Economic justice: what we’re doing

To achieve this key goal by 2013, we support programs that:

  • Improve access to land and assets
  • Increase agricultural production
  • Improve farm-gate prices and market access
  • Mitigate the impacts of climate change
  • Address threats to resources
  • Empower women
  • Incorporate young people
  • Improve labour rights

Our activities

Our work in economic justice has generated real and sustainable improvements in agricultural yields, food consumption and income across several regions for women and men small-scale producers.

Our continuous advocacy and campaigning has paved the way for policies that protect sustainable livelihoods and poor people’s assets to be developed and adopted. However, work to influence global rules and frameworks is often slow and frustrating, with small wins.

Some highlights from our economic justice work in 2010–2011:

  • In Malawi, we have reduced average annual “hunger months” from seven to two across 335 target villages, despite continuing unreliable rainfall
  • In Sri Lanka, we have supported improved indebtedness of more than 3,000 targeted community members through agriculture and livelihood support programs
  • Our conscious focus on women’s economic empowerment appears to be producing results, as in Southern Africa, South Asia, the Pacific and East Asia, increases in income and food production are linked closely to greater voice and more equal roles for women in the family and community, and reported declines in gender-based violence
  • Poor communities have used both their own organisation and the law to protect their land and water resources from being grabbed. Through working with partner community-based organisations in India and Sri Lanka, we are increasing awareness of land right entitlements and how to secure these; we have supported 290 families to obtain secure title to 757 hectares land in Andhra Pradesh, India, including 40 women who obtained secure land entitlement in their own names; and 78 people under threat of displacement (mainly women) have secured firm title to land in Sri Lanka.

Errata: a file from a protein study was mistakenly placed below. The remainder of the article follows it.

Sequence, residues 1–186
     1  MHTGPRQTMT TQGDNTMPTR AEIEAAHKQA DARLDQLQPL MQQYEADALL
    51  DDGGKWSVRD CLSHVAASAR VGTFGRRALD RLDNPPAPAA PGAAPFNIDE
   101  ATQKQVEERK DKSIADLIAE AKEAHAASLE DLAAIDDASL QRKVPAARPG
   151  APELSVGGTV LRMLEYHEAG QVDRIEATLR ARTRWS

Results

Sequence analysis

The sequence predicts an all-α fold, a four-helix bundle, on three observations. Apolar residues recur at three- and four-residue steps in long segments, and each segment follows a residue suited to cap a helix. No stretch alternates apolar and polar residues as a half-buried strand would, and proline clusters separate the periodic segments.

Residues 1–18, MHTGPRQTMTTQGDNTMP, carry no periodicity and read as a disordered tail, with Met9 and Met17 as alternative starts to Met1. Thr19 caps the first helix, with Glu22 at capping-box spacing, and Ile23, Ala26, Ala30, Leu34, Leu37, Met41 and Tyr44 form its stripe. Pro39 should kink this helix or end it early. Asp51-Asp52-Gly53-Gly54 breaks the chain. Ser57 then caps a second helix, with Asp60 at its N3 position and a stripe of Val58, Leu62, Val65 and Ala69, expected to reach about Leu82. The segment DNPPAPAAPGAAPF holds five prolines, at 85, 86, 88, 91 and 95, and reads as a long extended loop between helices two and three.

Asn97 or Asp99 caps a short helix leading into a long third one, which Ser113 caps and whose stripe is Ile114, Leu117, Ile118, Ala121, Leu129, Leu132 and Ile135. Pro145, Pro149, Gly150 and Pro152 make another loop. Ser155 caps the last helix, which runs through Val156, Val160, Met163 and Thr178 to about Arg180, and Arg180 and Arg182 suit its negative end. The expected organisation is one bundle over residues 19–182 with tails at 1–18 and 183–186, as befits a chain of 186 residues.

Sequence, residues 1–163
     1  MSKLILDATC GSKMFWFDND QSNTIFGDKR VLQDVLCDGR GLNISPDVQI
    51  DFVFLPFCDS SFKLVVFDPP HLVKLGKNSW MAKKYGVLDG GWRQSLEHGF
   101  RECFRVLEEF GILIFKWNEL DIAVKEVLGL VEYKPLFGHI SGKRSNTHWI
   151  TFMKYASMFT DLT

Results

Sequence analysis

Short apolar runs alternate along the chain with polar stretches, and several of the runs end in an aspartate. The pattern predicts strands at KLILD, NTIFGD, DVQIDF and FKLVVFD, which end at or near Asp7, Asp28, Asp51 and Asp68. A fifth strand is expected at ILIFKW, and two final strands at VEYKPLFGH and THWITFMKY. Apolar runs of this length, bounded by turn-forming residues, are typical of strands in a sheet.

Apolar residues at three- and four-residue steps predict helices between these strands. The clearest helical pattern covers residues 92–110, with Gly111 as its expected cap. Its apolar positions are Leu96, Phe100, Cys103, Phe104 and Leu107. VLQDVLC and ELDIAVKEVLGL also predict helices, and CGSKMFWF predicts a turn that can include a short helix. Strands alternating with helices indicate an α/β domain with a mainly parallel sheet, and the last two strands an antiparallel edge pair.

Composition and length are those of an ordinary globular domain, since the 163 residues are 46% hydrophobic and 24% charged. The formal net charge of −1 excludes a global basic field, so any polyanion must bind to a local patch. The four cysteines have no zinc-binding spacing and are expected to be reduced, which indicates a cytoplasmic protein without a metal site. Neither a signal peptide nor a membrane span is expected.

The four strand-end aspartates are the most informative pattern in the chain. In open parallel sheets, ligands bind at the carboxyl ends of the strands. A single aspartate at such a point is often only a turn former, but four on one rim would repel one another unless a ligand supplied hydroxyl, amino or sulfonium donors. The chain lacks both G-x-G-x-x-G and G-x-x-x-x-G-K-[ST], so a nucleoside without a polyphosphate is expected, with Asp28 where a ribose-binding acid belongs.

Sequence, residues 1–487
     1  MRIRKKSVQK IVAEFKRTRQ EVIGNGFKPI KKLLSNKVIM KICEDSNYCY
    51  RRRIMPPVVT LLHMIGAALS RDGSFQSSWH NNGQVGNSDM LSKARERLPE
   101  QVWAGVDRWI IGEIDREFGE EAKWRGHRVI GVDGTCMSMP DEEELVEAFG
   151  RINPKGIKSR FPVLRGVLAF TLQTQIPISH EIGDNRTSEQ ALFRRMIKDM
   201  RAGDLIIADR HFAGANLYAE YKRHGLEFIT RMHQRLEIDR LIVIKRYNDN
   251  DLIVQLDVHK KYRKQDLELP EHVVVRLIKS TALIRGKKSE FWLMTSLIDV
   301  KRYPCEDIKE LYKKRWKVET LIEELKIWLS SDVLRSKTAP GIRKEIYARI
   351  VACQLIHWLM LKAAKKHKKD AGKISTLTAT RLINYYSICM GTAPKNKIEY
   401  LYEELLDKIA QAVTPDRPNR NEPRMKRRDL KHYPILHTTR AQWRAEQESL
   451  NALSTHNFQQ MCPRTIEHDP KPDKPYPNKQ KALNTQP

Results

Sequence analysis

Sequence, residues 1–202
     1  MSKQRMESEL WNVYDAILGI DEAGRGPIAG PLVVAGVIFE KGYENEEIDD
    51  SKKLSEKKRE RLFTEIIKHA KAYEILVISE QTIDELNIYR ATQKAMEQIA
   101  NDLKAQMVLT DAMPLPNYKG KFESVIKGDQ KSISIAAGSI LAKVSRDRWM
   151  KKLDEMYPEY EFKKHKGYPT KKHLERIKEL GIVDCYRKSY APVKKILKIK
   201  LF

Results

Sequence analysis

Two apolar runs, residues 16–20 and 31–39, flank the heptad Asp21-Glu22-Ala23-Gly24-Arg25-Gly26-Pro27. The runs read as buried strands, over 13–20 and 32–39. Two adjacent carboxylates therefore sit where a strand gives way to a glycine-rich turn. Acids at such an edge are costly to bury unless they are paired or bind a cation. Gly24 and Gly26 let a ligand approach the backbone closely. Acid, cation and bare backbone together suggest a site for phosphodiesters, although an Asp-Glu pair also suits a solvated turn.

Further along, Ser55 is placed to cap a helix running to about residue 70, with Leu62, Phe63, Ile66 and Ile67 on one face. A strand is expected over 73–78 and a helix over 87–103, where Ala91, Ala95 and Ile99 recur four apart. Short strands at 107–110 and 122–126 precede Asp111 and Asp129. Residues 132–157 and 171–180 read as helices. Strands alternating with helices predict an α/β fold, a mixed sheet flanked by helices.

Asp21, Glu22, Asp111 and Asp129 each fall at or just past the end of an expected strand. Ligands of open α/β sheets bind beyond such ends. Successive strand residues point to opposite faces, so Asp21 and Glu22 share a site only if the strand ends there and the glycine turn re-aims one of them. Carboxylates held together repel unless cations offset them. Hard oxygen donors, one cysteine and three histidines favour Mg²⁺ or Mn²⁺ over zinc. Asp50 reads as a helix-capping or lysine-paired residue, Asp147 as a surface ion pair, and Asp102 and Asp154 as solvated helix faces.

• After a major restructure, our mining work has marked achievements especially through promoting free, prior and informed consent for affected communities, stimulating private sector actors to follow up on their accountability in the countries in which they work, and in contributing to the Australian Government’s anticipated piloting of the Extractive Industries Transparency Initiative
  • In Vietnam, we have worked with forest-dependent communities to reduce the degenerative impacts of their way of life on the forests. Policy advocacy at the provincial level resulted in firm government regulations guaranteeing communities’ ownership and a community model of forest management, monitoring and protection was introduced. The program has succeeded in improving income and food security for 2,000 families, minimising the risk of further forest degradation and ensuring firm tenure for minority women, as well as men, landowners
  • After several years of discussion and planning, we have developed and begun to use a comprehensive Climate Change Framework to guide our climate change work across advocacy, campaigning and development programs into the future
  • Economic Justice Week in Jakarta, Indonesia in April 2011, brought together 40 staff and partners and representatives from Oxfam International and other Oxfam affiliates to build a more coherent, impactful and integrated approach to our economic justice work.  The event confirmed that the GROW campaign offers a viable framework to bring together the many threads of our current economic justice program
  • At a local level, strengthening livelihoods, improving access to and control over land and natural resources, and increasing income is a key strength. In both Laos and Cambodia, wellbeing ranking exercises suggest that this support has contributed to a reduction in the number of families in the poorest wealth categories
  • Our economic justice programming is reaching groups marginalised due to ethnicity, socio-economic and health status — for example, the Adivasi and Dalit peoples in South Asia and people living with HIV and AIDS in Southern Africa
  • We registered some important gains in our advocacy and campaigning work on climate change. We supported Pacific civil society delegates to attend and participate in the United Nations climate change negotiations in Cancun and our lobbying was a factor in world leaders, including the Australian Government, agreeing to establish a Green Climate Fund
  • As a result of sustained pressure by our labour rights program, in alliance with other national and international organisations, the largest sportswear transnational corporations are now closer to “best practice” in terms of respecting labour rights in their supply networks in East Asia
  • We have given strong support to programs that address gender inequalities. Although women’s involvement in livelihoods-related decision-making has improved, the extent to which this has translated into women’s economic empowerment is largely unknown

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